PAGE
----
In May 2013, a salvage excavation was conducted north of Ha-Hashmona’yim Boulevard, in the eastern entrance to Modi‘in (Permit No. A-6787; map ref. 20147–54/64333–636). The excavation, undertaken on behalf of the Israel Antiquities Authority and financed by the Derech Afar Company, Ltd., was directed by P. Spivak, with the assistance of E. Bachar and Y. Amrani (administration), A. Hajian and M. Kunin (surveying and drafting) and A. Peretz (field photography).
The excavation area is located within the Khirbat Abu Fureij antiquities, south of Tel Shilat and northwest of Horbat Tittora. The region is characterized by rocky hills that include limited agricultural land, bedrock terraces and streambeds. Numerous remains of agricultural activity were discovered in surveys and excavations previously conducted in the region (‘Ad 2011).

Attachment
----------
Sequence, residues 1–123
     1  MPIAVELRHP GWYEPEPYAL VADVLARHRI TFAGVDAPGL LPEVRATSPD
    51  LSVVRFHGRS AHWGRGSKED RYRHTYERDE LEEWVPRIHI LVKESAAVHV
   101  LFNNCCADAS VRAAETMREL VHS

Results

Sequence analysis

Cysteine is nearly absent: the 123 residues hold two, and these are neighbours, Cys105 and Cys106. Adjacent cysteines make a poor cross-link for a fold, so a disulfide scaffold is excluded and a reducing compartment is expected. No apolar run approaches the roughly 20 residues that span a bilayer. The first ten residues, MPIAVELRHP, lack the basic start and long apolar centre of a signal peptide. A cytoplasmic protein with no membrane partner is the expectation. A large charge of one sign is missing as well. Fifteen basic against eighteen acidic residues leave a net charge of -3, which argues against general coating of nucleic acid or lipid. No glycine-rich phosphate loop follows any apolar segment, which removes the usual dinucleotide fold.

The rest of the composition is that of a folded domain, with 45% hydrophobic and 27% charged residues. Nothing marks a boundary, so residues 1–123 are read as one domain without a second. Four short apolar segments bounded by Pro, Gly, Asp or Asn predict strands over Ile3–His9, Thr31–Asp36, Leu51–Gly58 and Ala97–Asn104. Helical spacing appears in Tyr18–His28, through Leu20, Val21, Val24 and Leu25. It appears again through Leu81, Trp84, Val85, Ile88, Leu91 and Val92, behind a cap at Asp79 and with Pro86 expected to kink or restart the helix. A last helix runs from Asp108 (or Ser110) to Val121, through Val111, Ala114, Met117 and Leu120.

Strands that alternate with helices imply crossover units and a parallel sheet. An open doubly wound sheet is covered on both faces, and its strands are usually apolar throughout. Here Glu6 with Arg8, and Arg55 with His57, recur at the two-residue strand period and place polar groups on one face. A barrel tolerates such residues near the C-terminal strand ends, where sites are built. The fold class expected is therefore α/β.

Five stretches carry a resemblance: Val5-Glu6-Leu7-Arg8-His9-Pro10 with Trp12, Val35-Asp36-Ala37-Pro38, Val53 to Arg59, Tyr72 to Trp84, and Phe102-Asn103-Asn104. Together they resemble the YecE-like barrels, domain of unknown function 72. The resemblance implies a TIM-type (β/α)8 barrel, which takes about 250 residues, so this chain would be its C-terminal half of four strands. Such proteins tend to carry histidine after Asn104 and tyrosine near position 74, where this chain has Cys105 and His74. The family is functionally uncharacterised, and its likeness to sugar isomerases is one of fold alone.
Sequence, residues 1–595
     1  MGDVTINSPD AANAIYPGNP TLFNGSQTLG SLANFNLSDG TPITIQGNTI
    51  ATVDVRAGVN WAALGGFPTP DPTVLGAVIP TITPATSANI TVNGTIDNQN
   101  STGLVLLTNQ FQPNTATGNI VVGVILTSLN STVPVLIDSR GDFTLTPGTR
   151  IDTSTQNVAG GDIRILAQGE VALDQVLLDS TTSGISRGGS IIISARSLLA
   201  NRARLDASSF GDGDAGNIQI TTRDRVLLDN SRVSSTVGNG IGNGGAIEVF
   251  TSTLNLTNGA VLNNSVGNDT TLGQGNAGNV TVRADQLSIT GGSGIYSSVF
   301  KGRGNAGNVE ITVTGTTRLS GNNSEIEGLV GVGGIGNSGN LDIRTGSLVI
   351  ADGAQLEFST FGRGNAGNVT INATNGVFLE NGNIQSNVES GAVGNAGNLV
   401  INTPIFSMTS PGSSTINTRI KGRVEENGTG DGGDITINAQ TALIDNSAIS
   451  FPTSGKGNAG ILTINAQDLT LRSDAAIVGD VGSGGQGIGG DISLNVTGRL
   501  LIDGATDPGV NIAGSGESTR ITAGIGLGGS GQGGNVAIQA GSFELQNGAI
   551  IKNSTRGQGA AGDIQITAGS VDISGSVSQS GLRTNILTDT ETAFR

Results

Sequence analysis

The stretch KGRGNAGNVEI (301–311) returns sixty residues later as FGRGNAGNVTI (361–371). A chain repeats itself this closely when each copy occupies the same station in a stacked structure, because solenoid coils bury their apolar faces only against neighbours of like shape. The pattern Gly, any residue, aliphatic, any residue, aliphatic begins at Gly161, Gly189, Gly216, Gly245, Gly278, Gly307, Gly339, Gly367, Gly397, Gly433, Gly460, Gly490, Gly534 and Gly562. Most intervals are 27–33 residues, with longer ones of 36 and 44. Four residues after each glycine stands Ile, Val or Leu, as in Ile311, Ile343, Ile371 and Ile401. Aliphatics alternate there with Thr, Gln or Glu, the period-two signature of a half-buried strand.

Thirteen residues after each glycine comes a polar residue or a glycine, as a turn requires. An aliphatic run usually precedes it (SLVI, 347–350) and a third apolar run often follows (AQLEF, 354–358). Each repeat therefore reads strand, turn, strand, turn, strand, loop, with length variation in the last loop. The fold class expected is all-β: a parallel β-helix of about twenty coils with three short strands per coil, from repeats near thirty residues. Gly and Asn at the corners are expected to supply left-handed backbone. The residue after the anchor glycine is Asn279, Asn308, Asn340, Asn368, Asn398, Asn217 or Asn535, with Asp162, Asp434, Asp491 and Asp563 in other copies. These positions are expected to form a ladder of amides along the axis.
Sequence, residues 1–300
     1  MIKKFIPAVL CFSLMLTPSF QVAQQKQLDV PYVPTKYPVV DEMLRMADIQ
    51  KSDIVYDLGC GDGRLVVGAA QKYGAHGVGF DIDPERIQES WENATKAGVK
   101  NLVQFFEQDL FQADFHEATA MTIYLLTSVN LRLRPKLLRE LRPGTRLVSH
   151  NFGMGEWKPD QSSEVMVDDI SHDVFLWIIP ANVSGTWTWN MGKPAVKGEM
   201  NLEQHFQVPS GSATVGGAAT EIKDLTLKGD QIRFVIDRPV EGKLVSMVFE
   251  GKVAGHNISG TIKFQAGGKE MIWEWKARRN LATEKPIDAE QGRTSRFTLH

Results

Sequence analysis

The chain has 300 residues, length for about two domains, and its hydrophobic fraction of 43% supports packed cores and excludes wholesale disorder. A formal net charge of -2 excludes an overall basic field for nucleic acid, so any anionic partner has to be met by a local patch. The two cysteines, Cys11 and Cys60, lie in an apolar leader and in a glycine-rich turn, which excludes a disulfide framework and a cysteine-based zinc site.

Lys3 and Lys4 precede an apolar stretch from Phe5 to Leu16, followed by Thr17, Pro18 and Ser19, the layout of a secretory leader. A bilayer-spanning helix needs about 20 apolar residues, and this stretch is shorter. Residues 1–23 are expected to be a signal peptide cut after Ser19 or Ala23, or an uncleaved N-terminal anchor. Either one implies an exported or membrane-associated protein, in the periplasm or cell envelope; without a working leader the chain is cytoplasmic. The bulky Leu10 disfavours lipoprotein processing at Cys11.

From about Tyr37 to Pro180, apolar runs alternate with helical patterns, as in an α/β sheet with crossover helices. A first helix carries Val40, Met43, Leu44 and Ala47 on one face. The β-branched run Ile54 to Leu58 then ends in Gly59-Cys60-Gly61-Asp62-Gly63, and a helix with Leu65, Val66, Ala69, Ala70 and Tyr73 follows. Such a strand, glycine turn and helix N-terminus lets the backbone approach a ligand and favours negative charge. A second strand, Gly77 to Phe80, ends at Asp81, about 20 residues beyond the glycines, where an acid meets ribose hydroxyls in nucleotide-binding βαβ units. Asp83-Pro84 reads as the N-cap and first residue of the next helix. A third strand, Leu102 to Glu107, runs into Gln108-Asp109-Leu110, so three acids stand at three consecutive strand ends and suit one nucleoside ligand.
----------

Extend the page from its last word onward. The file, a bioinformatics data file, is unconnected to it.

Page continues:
In the current excavation, four agricultural terraces were exposed. Their walls were haphazardly built of one row of medium (max. size c. 0.2 × 0.3 m) and large (0.4 × 0.5 m) stones, usually placed directly on the bedrock (W4–W7; length 2–13 m; Fig. 1); the walls were preserved to a height of one course. The agricultural terraces exploited bedrock terraces in order to create level areas for cultivation. Two shallow, elliptical cupmarks (L1), which might have been used for grinding grain, were hewn in bedrock northeast of W5.
The terraces are located in an extensive agricultural region which served the surrounding settlements. The construction of these terraces on the slopes was the most common method in antiquity for preparing an area for cultivation. The numerous agricultural installations that were previously discovered in the vicinity suggest that a large portion of the crops grown in the region were processed near the agricultural areas.